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Market forces advance prospects for women in the workforce: TD Economics
TORONTO, Sept. 25 /CNW/ - Market forces will place women and men on more equal footing in the workplace over the next three decades, ultimately eliminating the 5 to 15 per cent wage gap that cannot be explained by factors such as hours worked, productivity or occupational choice, according to a new report by TD Economics (www.td.com/economics) The authors of the report, Don Drummond and Beata Caranci, state: "Women are exceeding men in university enrollment and are clustering within service-oriented jobs. Both characteristics will reap an economic return as globalization and aging populations keep domestic economic growth centered on highly skilled service production. Employers will become increasingly reliant on women to fill the skill shortages. For those who want to participate in the labour force, markets will become a woman's best friend." Progress underway Women have already experienced improvements in earnings since the 1980s. For instance, the number of women earning more than their spouses has tripled, with 1.3 million women acting as the primary breadwinner among 4.6 million couples in 2005. That means women out-earn men in more than a quarter (28 percent) of Canadian families. This reflects a larger transformation underway. In the past three decades, the participation rate for Canadian women in the prime working age group (25-44) has jumped to nearly 82 percent from about 50 percent. Labour force entry among women in the 45-64 age group has also been equally impressive. Compared to other OECD countries, only Nordic and Swiss women are more likely to be employed than Canadian. Women are also spending more time in the job market. It is now more likely that a 30-year-old in the labour market will still choose to be on employer payrolls at the age of 50. This is in part due to women bearing fewer children and postponing the decision to have children at a later age in life. This decision allows women to spend more time in the labour market and reduces the costs associated with extended or frequent exits, as well as childcare. Education is the great equalizer Education is perhaps the most influential factor to higher, longer and more rewarding labour market participation. The share of university degrees granted to women has been rising steadily over the years, with women granted the majority of Bachelor (BA) and Master (MA) degrees. For instance, 62 percent of BA degrees went to females in 2004. One area of little progress is within the fields of mathematics and applied science, which research suggests as one of the factors keeping women out of a number of well-paying jobs. When one looks at all levels of educational attainment and fields of study, a mere 3 percent of the degrees held by women are in the math field, which is unchanged from a decade ago. Degrees in engineering and architecture also came in near the bottom of the list at less than 4%. In contrast, the share of degrees held by men is 3-to-4 times greater than women within all of these fields of study. "Females don't start off life with a lower aptitude in these fields. Tests of 13-16 years olds show that boys' edge over girls in math and science is not statistically significant," said Ms Caranci who heads economic forecasting at TD Economics. "Yet in later studies and in choices of occupation females steer away from these disciplines. This suggests environment and culture could play a significant role." In order to benefit from greater enrollment in these subjects at the post secondary level, educators, governments, corporations and parents need to do more to engage girls in math and science at younger ages. A number of intervention methods, such as spending time with role models, making the subjects more 'hands on', eliminating gender biases in the classroom or separating girls from boys when teaching science and math, have proven successful in boosting self-esteem and cutting through gender stereotypes or other cultural barriers. New economy, new opportunities Mr. Drummond, TD's Chief Economist, points out that nearly 2 million jobs were created for university educated workers since 1990, whereas only 417,000 jobs were available to those with a high school degree. He went on to say: "Highly educated women were snapped up to the tune of 1.1 million, of which 80 percent of the jobs were in full-time employment." Moreover the knowledge economy means a steady shift towards service-producing jobs, which now account for 75 percent of the entire labour market. This bodes well for women, who gravitate towards sectors such as health and education. These sectors already make up nearly one-fifth of total employment, and in the case of health, likely to continue growing due to aging population. The TD report also notes a service-based economy will be of particular benefit to entrepreneurial women. They make up 35 percent of self-employed workers, up nearly 10 percentage points from the mid-1970s. However, within the service sector, the concentration of women is higher at just over 40 percent. Women are also making inroads into traditionally male-dominated fields. Since 1980, employment in the non-traditional women occupations of management and professionals has risen by 93 percent. In professional disciplines where women display a traditionally low representation, progress is still evident. For instance, women represented just 25 percent of architecture and engineering BA degrees in 2004, but this is up from just 17 percent in 1992. Other barriers remain intact. One study found that in corporate Canada women held less than 10 percent of 'line positions', which oversee profit-and-loss columns and as such are considered important feeding pools to more senior positions. Little progress has also been seen at the board level, where women make up about 12 percent representation. This situation is likely to change as more young women are entering the corporate world, and in turn, expanding the pool of potential candidates. A woman's work is never done One of the largest influences on the current wage gap between men and women relates to the difference in working hours. For instance, women in full-time employment work on average 4 hours less a week than men (38 hours vs. 42 hours). Part of this gap arises from the push-and-pull of work and home life. The migration of women into the labour market has not been met with proportionate declines in home responsibilities. In spite of the surge of women participation into the workplace, housework remains highly gendered. Women shoulder a greater portion of the duties that are higher frequency and offer the least flexibility, such as cooking, grocery shopping and cleaning. But a shift is definitely underway. Men are taking up some of the slack at home as married women's participation in the workplace rises. And, as the wife's income rises, the distribution of housework becomes more even. When wives have an income of $100,000 or more, the division of paid labour and housework between partners was more likely to be split equally. Men are also taking on a greater role as the primary caregiver to their children. Families with a stay-at-home parent have declined substantially since 1986, but the proportion with a father in this role increased from 4 percent to 11 percent in 2005. The authors of the report predict that "over the next few decades, the market will place women and men on more equal footing in the workplace. Employers will need to respond, and more men will need to learn to operate the washing machine."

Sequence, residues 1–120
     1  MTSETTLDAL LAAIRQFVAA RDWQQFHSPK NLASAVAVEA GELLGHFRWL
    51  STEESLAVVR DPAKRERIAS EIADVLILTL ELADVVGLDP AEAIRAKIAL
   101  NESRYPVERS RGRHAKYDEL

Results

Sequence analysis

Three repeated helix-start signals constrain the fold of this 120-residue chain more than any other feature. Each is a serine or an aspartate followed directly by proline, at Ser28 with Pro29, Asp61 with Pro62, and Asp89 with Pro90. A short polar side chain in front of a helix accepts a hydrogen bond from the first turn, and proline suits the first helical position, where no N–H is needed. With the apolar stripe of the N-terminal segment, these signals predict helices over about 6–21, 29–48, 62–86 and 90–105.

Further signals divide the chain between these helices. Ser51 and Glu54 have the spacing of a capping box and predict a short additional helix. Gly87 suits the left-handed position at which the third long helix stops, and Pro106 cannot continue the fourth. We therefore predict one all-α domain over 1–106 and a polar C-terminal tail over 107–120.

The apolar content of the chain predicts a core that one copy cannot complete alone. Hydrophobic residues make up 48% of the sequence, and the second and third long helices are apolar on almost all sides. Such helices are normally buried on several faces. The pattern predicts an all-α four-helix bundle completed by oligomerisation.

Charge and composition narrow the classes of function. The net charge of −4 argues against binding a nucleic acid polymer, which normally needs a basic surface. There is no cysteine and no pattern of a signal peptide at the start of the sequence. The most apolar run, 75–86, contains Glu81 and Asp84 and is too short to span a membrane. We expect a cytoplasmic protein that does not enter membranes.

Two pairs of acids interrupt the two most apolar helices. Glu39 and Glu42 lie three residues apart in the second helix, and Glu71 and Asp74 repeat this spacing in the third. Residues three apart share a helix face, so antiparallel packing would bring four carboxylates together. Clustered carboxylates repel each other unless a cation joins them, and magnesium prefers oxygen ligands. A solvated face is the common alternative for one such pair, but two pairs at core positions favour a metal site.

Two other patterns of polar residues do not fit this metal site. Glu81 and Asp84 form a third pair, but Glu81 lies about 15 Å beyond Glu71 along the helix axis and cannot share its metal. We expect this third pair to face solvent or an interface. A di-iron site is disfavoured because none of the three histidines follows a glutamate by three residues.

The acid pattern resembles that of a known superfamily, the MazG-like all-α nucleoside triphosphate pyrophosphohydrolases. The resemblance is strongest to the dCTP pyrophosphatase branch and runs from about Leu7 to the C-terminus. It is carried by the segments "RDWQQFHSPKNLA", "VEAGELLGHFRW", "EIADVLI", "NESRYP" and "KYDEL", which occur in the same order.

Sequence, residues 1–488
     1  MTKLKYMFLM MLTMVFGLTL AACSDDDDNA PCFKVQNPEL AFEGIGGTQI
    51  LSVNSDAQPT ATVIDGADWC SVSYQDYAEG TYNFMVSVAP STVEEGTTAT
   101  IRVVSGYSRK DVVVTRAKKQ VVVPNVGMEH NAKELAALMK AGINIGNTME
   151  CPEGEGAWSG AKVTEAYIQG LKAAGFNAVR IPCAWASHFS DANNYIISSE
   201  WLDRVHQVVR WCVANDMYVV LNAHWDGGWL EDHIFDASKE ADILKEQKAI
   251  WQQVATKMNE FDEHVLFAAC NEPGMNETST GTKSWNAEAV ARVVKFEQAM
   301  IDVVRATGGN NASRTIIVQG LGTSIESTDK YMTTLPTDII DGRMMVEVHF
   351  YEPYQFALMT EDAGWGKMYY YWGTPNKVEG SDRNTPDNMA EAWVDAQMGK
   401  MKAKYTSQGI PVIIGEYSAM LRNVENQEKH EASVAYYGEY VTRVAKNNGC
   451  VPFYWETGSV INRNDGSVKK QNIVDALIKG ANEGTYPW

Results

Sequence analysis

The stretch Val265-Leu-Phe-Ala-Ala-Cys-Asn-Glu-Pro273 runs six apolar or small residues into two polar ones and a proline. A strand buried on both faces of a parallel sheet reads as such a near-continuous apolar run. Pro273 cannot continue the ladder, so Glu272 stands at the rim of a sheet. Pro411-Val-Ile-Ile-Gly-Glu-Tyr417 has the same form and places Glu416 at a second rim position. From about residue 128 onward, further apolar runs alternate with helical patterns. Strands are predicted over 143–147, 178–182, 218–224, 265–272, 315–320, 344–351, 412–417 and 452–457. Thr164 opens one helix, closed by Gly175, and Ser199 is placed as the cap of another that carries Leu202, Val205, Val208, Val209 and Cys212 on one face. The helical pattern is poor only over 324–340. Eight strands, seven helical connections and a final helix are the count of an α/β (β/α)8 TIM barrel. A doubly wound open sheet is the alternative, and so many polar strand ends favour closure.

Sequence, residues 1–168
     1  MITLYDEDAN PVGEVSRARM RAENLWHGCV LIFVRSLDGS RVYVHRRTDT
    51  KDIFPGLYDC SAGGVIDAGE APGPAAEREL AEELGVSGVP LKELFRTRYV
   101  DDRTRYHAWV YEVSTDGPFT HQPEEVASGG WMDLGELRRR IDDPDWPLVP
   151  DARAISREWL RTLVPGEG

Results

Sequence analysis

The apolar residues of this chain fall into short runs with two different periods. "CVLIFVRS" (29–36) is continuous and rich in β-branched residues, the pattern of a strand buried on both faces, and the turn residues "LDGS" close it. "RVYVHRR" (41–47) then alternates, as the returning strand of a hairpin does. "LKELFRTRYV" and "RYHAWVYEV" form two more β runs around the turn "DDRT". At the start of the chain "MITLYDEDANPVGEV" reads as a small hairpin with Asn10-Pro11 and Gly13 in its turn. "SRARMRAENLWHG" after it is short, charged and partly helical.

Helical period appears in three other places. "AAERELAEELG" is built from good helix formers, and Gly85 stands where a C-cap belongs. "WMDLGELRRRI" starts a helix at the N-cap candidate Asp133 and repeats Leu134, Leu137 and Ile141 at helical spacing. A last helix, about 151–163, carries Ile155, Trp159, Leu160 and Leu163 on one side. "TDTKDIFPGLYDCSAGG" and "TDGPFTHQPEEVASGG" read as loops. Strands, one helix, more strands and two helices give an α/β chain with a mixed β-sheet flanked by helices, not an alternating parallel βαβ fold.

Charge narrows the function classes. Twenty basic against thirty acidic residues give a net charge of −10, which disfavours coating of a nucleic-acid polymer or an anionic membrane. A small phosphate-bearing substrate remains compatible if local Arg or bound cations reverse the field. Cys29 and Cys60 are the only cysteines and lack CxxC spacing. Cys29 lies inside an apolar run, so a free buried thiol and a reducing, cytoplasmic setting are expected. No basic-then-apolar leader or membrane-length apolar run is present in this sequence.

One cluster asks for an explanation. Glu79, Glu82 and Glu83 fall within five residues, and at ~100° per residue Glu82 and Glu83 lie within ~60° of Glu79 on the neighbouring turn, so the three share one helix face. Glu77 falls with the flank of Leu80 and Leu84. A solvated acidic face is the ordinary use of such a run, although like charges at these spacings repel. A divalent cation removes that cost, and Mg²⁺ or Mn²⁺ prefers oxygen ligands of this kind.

For further information: Don Drummond, TD Economics, (416) 982-2556; Beata Caranci, TD Economics, (416) 982-8067